In all the (regression) random forest papers I’ve read, when it comes the time to gather the predictions of all the trees, we take the average value as the prediction.

My question is why do we do that?

Is there is a statistical justification for taking the average?

EDIT: To clarify the question, I know it’s possible to use other aggregation functions (we use the mode for classification), I’m mostly interested in whether there is some theoretical justification behind the choice of the average function.

**Answer**

I’ve always thought about the averaging in terms of the bias-variance tradeoff. If I remember correctly Leo Breiman hinted at this in the randomForest paper with his statement “… are more robust with respect to noise.”

The explanation goes like this: basically you are taking a bunch of trees that are grown to full length-no pruning-so you know they will each be biased by themselves. However, the random sampling that induces each tree in the forest should induce under-bias as often as over-bias. So by taking an average you then eliminate the bias of each tree-the over+under biases canceling. Hopefully in the process you also reduce the variance in each tree and so the overall variance should be reduced as well.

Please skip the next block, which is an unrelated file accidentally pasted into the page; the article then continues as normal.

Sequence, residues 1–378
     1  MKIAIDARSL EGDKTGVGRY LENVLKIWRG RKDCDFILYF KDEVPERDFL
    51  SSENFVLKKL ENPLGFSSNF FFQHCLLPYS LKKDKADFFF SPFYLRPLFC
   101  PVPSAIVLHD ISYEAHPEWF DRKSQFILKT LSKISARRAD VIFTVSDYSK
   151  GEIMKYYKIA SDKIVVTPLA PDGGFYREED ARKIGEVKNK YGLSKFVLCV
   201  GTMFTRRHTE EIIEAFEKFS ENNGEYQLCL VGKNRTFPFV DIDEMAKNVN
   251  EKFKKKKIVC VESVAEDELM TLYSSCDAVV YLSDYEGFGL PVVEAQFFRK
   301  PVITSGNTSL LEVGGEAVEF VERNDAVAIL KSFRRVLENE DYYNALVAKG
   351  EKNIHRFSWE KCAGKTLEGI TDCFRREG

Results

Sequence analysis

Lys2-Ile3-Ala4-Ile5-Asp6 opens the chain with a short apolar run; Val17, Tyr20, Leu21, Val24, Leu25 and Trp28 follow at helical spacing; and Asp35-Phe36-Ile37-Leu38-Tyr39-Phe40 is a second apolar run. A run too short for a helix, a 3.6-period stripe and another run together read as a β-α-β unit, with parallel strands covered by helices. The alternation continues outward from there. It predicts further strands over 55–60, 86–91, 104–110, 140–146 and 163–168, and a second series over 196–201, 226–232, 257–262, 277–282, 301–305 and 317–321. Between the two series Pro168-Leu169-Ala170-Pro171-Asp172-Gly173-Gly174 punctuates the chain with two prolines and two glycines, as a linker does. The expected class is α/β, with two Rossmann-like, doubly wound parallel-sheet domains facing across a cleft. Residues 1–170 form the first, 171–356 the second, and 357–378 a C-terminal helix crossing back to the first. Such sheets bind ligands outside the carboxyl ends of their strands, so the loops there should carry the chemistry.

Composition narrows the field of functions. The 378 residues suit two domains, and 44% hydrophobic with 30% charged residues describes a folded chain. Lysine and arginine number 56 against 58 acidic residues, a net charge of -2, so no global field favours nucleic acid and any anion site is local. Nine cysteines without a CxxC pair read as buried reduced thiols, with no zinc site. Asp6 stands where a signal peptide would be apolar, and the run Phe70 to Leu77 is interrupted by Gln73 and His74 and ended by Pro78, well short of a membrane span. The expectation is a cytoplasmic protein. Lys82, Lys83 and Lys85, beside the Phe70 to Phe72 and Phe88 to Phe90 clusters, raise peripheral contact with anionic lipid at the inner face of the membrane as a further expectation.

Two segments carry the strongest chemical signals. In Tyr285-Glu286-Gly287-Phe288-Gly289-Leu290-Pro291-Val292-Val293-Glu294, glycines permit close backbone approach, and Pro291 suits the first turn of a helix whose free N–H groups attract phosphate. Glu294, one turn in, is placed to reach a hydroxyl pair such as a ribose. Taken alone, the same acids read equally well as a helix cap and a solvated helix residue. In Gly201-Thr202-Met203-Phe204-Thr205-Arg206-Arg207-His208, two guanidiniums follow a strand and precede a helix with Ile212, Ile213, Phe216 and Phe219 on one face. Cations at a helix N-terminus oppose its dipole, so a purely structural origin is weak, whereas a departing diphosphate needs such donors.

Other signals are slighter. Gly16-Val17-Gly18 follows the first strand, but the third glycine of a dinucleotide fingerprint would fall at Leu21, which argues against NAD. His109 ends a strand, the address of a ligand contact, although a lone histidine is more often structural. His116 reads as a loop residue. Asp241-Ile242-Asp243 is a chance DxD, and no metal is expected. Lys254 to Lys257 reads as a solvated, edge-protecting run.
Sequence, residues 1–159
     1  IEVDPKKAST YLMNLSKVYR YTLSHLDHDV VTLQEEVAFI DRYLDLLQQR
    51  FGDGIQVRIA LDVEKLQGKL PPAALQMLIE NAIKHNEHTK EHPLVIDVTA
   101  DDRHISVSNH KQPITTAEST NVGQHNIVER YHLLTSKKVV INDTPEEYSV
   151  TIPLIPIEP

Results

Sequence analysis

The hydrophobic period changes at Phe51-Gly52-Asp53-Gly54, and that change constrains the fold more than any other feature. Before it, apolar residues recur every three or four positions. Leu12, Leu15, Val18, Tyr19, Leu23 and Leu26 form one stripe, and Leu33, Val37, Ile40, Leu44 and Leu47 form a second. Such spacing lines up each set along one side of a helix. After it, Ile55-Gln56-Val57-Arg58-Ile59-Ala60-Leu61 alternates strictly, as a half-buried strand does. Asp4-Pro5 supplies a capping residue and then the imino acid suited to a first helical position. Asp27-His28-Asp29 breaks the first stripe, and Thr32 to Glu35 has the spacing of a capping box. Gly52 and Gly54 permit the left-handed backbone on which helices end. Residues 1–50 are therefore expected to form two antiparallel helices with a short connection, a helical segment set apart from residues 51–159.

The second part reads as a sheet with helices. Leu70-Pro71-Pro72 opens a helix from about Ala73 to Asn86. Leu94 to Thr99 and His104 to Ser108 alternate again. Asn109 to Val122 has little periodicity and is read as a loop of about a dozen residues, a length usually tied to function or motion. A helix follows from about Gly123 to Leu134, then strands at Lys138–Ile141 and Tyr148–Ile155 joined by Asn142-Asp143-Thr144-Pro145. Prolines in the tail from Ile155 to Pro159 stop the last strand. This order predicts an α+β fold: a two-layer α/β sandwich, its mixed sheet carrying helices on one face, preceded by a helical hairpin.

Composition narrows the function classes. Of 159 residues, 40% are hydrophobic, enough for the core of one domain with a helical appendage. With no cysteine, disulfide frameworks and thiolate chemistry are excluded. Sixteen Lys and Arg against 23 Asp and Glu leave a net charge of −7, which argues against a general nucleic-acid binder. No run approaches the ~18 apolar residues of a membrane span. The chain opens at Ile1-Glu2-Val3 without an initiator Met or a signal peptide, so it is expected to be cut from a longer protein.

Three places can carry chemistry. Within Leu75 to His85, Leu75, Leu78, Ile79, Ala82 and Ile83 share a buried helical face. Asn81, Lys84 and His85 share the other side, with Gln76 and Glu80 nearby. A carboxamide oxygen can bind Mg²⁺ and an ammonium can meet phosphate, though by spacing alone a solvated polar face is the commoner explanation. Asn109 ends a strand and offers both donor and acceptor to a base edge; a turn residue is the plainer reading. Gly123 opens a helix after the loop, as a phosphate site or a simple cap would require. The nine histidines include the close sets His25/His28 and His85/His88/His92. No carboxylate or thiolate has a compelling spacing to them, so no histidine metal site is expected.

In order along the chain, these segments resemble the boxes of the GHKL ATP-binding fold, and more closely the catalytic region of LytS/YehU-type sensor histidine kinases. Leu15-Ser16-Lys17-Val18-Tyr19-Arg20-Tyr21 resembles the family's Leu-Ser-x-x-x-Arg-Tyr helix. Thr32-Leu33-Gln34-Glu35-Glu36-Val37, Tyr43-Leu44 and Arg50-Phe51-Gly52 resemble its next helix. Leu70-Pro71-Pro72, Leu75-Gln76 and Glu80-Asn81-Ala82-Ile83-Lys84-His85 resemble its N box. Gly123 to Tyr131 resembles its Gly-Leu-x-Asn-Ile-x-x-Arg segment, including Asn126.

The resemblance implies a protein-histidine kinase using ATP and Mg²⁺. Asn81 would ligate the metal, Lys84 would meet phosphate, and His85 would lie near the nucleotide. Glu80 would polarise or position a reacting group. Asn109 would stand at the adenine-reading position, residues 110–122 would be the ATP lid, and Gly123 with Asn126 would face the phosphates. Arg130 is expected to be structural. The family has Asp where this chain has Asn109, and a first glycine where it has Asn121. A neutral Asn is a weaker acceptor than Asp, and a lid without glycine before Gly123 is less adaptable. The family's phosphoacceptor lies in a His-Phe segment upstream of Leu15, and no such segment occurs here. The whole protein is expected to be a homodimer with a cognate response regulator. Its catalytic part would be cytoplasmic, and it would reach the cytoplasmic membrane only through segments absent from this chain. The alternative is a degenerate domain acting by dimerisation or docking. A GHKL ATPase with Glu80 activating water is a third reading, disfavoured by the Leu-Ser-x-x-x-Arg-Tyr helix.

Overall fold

As indicated by the other answers to the post, this might not be the only reason for averaging.

**Attribution***Source : Link , Question Author : Bar , Answer Author : Lucas Roberts*